Grayson Highlands 2014–Day 1 (delayed, but safe arrival)

Every year we make the trek up to southwest Virginia to camp at Grayson Highlands State Park – partly to escape the summer heat of South Carolina, but also to enjoy the rural mountains of Virginia.

First we had to get there safely!

Seems like we need to stop at lots of rest areas on these trips…  first for breakfast after our “early” morning departure:

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Bikes still secure on the roof.  This multiple bike syndrome is slowly getting out of hand…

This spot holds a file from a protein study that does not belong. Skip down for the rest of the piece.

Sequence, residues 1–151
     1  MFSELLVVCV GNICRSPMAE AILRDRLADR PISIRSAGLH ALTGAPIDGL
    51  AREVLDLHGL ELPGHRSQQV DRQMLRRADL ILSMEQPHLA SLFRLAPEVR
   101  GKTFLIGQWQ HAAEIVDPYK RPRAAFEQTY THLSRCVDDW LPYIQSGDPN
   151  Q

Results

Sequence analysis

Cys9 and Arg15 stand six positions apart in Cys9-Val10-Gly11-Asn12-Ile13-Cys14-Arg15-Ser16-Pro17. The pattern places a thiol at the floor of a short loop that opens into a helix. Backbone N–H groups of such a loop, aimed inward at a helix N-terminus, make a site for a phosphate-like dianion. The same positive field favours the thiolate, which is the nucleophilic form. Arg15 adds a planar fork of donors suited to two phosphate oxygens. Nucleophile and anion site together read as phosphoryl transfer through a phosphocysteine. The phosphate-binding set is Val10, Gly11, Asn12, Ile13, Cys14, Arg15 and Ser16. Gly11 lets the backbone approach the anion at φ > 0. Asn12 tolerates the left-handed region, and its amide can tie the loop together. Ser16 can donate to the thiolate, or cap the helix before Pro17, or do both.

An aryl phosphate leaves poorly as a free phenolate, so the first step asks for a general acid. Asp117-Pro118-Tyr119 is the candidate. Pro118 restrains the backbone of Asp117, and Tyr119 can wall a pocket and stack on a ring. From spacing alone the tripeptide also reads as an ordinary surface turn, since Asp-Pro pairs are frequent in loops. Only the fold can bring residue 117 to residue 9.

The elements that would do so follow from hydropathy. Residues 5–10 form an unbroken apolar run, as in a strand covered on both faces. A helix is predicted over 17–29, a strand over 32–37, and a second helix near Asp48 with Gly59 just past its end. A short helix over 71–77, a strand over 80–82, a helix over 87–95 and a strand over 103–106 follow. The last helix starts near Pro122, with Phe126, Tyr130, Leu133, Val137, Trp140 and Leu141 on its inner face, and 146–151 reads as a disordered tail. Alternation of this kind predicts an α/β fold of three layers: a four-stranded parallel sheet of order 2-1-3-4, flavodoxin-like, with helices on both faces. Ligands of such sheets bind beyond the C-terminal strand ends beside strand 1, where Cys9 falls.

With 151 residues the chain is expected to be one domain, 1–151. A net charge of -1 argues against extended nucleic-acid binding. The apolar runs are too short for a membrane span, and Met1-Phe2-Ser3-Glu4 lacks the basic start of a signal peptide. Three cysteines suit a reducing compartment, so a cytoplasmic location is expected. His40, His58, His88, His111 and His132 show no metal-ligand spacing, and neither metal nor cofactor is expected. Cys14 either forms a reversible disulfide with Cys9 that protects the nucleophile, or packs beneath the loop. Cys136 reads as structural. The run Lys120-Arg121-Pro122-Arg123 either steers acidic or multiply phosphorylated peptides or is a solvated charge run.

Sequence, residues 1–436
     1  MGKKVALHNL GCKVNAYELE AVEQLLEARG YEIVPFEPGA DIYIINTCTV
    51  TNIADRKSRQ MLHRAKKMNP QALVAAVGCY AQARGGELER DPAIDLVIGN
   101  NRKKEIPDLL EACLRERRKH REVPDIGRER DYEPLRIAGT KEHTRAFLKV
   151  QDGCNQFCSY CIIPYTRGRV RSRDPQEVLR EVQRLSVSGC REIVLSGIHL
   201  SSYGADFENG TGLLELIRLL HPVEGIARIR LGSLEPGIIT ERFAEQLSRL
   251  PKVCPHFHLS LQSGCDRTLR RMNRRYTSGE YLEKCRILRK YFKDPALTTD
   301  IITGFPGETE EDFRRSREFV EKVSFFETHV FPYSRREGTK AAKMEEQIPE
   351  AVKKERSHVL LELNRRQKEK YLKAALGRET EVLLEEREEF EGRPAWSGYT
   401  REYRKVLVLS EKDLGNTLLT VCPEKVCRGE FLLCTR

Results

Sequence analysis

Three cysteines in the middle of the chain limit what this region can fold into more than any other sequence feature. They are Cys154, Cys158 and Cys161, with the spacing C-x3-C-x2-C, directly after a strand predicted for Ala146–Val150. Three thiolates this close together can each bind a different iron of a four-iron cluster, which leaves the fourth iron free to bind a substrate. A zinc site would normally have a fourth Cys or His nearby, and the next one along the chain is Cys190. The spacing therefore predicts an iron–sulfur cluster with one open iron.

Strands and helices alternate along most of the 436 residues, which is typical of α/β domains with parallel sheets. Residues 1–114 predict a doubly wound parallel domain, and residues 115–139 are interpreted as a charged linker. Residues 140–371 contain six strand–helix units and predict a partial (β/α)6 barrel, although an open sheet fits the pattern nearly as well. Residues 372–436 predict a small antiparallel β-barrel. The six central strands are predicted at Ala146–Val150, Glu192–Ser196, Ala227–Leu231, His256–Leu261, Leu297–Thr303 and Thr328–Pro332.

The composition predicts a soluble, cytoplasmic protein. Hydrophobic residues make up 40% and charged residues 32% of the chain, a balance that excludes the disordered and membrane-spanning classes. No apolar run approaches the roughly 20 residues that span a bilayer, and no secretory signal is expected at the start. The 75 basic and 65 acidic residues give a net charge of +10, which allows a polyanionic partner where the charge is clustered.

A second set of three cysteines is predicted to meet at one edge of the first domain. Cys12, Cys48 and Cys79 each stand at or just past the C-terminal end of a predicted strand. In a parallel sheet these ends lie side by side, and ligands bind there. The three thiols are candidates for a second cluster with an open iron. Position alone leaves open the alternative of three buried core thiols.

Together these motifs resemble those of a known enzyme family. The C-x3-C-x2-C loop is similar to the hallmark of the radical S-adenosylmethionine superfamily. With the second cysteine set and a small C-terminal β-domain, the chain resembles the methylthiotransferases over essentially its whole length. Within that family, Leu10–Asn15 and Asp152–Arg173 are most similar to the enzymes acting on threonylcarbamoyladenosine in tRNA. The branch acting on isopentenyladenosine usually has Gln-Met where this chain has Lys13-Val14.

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The next few hours were uneventful, as we stopped for an early lunch before climbing I-77 @ Fancy Gap VA:

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Next a quick fill-up at the Love’s at the bottom of the mountain and up we went.

Climbing hills pulling heavy is very similar to road bike climbs up in the mountains.  You look for road grades and wonder if this kind of work is sustainable (FYI Strava is a great tool for finding all the places you DON’T want to pull a trailer – just look for the climb segments!)  … here’s some shots of the (aftermarket) truck gauges as I climbed up I-77 at about 50-55mph.  (Ford F250 7.3L Diesel, chipped with a 40hp tow tune from Jody Tipton (DP-Tuner):

Scan Gauge II readings:

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ISSPRO gauges on the A-pillar: